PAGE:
The journey up Bali’s Mount Batur volcano begins in a silent cornfield under the moonlight. There a Balinese farmer wearing flip-flops guides trekkers across jagged lava beds. In the silence, the crowing of roosters, the bell-like sounds of gamelans and even the voices of villagers can be heard clearly at 1,717 metres above sea level.
If the Middle East goes up in flames, the U.S., Europe and much of Asia will need to find alternative sources of energy to replace the shortfall. The state of Alaska is one place that could be opened up further, but it has only an estimated 8 billion barrels of proven reserves, less than 1% of the global total. What about Russia?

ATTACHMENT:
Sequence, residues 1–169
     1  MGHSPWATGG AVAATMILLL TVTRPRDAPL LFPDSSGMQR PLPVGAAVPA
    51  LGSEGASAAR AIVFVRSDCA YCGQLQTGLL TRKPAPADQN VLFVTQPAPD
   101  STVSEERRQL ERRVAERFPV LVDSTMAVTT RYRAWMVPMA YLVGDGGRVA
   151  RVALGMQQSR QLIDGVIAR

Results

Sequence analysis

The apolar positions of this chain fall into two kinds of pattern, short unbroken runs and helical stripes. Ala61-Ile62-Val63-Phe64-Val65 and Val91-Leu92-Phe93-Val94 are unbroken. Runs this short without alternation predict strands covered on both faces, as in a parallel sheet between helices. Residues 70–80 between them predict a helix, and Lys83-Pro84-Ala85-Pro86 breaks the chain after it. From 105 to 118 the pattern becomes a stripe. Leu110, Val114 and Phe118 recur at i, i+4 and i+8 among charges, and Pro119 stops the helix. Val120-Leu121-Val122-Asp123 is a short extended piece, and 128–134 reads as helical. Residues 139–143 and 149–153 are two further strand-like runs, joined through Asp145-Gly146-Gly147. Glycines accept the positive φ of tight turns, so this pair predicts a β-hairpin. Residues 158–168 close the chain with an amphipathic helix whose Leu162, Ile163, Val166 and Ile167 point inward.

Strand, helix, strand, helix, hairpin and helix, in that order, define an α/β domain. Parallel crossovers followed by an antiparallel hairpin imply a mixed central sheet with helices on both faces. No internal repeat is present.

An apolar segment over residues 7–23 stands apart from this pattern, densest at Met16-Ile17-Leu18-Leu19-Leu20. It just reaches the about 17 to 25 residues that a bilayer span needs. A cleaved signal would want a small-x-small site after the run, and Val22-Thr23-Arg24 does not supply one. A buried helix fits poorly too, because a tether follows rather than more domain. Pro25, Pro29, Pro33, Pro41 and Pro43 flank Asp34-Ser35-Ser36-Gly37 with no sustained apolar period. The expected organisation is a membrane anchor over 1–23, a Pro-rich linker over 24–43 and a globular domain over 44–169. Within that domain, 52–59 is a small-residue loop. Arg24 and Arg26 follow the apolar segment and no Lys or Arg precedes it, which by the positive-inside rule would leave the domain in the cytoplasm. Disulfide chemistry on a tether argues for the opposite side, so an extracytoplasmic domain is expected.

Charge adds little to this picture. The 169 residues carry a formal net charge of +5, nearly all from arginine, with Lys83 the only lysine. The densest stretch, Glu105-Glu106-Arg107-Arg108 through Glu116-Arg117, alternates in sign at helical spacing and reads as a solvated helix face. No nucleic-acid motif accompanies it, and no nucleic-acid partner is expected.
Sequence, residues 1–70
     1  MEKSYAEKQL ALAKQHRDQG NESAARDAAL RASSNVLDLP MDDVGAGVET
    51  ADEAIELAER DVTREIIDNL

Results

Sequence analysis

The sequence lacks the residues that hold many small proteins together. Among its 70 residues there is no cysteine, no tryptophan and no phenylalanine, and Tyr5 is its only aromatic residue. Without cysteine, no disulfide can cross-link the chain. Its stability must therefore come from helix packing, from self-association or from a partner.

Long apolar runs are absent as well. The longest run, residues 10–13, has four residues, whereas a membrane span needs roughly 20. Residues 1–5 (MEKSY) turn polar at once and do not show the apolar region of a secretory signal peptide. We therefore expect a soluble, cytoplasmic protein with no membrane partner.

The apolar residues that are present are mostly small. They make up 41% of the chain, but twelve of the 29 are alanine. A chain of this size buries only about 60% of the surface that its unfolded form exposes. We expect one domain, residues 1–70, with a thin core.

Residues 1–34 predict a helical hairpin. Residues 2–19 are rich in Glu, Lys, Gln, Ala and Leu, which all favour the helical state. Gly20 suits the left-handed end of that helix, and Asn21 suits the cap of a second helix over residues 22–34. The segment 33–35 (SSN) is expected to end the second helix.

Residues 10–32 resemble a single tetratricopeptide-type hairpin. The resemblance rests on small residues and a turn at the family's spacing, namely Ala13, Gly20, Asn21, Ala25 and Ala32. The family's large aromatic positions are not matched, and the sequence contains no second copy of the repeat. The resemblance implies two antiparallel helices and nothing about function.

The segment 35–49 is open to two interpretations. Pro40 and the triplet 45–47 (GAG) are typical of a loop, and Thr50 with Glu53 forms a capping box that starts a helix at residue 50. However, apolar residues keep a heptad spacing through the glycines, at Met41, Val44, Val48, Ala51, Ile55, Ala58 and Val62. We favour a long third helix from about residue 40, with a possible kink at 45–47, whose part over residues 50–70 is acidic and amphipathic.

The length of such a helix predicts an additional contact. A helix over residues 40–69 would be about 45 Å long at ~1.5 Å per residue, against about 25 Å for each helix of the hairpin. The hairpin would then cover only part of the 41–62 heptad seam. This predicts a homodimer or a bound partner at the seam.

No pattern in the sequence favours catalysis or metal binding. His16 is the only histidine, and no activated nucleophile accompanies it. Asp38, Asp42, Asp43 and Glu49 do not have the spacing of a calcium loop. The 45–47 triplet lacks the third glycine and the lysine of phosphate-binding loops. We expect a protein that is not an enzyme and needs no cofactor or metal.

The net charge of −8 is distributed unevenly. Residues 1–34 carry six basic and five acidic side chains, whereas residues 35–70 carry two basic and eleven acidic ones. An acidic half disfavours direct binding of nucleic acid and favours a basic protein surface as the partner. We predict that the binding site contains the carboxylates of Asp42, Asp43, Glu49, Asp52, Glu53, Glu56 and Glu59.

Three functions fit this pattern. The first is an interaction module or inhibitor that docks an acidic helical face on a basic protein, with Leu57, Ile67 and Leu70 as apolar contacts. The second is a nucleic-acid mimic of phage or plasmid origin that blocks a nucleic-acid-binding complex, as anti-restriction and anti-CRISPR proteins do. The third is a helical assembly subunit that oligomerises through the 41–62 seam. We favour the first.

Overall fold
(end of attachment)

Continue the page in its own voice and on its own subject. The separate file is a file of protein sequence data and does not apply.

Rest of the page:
A good way to find out what’s wrong with the economies of the Middle East is to go to Jersey City, New Jersey, across the Hudson River from the World Trade Center. There you’ll find plenty of Middle Easterners who planted their entrepreneurial seeds in turf a lot more fertile than that found back home.
Make no mistake, it takes money to run a global terrorist network. Lots of it. Based on interviews with terrorism specialists and businesspeople around the world, FORBES GLOBAL reckons that Osama bin Laden, the man thought to be behind the Sept.11 attacks on the U.S., earns hundreds of millions of dollars a year from various activities, both legal and illegal.